The Beauty of Sacred Moments
We all have moments in life that shape us, move us and mark our soul with something that will never be forgotten. These times, whether good or bad, are moments that help mold us and define who we are and what we do and why we do it.
For example, good moments for me have been:
When I walked down the aisle of a youth camp and became a follower of Jesus.
When I married Necole. (Side note: how did that happen?)
The birth of my two daughters.
When the Celtics beat the Lakers in the NBA finals in 2008.
Of course, I have had bad moments, too:
My mother died of cancer.
My brother in law was killed in a motorcycle accident.
My father in law lost his battle with cancer last year.
When the Lakers beat the Celtics in the 2009 NBA finals.
My Sacred Moment
In 2007, I had one of those moments when I met an unknown orphan in the middle of the night, at an abandoned gas station in Harare, Zimbabwe. A simple encounter with a starving, abandoned child changed my life forever.
Last week as I flew from Uganda to Zimbabwe, I had another moment, but instead of happening in a dark, nearly abandoned structure, it happened on a crowded airplane.
I started to cry uncontrollably.
I had no clue what to do. I kept changing the music in my headphones, I used up all my tissues– I even put a blanket over my head so my poor seat mate would not think something was wrong.
But, these tears were tears of joy. Never in a million years would I have thought that God would use a country like Zimbabwe, an unknown orphan and leader like John to shape my life, vocation and calling.
After I met that starving orphan, a switch clicked in my life and my purpose became crystal clear. I was able to focus all my energy and efforts into one passion and I’ve had a simple determination to do whatever it takes to see extreme global poverty come to an end. I really can’t explain it. It was definitely a “burning bush” experience for me.
Anyway, after receiving a few furtive stares from my fellow travelers, it dawned on me. I was in tears because I was going back to that gas station where the encounter took place for the first time in five years. That gas station is a sacred place for me.
I was nervous; thousands of images were going through my mind. I was reliving the moment when I met the young child. I could see his eyes staring into my soul. I could hear his voice echo deep into my spirit, as if it was actually God asking me to do something, make an impact, stop ignoring the global orphan crisis and obey the call to care for the fatherless and the poor.
This is why we need Sacred Moments
1) We all need a few moments that change us; they can be big or small. These moments create our belief in the “why” we do what we do. These are sacred, life changing moments that shift who we are and how we live. And these moments almost always occur when we are doing activities outside of our comfort zone.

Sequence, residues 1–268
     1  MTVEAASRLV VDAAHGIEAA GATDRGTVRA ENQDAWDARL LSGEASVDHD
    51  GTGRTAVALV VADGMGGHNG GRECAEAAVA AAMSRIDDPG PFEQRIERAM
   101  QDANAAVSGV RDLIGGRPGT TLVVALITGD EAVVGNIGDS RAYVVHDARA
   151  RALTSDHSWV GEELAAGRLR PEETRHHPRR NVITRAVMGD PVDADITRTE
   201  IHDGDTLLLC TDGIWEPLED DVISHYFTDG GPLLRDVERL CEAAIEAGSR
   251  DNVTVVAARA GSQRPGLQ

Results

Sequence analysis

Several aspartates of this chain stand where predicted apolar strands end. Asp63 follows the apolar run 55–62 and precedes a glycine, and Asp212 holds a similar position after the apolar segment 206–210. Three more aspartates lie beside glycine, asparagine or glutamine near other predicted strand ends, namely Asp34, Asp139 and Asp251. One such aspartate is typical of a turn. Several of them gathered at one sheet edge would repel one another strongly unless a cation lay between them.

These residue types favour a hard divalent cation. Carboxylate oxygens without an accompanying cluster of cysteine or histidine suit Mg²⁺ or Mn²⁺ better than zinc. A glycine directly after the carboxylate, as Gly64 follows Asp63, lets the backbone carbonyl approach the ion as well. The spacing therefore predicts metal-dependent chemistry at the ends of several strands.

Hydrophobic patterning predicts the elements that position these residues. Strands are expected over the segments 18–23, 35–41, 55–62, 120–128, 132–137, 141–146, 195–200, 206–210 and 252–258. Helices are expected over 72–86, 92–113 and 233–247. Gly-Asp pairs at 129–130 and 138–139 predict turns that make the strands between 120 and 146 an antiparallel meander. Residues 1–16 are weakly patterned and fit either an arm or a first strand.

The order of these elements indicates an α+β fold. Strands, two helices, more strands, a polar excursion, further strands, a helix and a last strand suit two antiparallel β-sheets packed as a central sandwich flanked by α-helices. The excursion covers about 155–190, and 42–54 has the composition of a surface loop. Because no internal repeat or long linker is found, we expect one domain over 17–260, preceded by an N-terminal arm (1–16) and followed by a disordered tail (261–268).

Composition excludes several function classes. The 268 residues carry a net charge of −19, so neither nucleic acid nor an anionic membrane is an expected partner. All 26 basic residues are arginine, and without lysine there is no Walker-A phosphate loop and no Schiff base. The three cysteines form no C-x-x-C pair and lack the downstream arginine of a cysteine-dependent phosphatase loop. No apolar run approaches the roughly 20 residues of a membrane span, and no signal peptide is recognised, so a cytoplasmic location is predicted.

2) We need to revisit those sacred moments over time. They are priceless. They are fuel that tends to drive us when we want to give up. When we revisit sacred moments, it reminds us that all the sacrifice is worth it, that we are a part of a larger story and that our lives are interconnected with others and with the Spirit. Take time to pause, revisit and reflect. These moments help us regain clarity and focus.
3) That sacred moment is not meant for you alone. You are called to share it. I’ve been able to share my sacred moment thousands of times over the years. It’s no longer my moment, but our moment.
Movements are created by sacred moments that are then given away. (tweet that) When you give away the moment to a community of people, the beauty of accountability begins to take place. I now have a shared responsibility to end extreme poverty with my staff, board, donors, our local leaders and the Help One Now tribe. It’s no longer my story, but our story. We all have our own personal sacred moments and places.
How to move Forward
What does this mean for you? I’m not sure. I do know that we all need these sacred moments. When you have that moment, it will propel you to create great art that can be used to shape the world. If you have had such a moment, let me encourage you to pause and revisit that moment. If you are still waiting for a sacred moment, let me encourage you to be active and live life to the fullest. Seek new experiences, learn from new people, be open to new possibilities, move outside of your comfort zone — do something that scares you. (tweet that)
The book that will be written, the song that will be sung, the business that gets launched, the church that is pioneered, the story that is told — they almost always have that sacred moment that is etched in eternity and drives the vision forward, overcomes obstacles and gives birth to a new work.
I know one thing: I’m thankful for that sacred moment in Zimbabwe.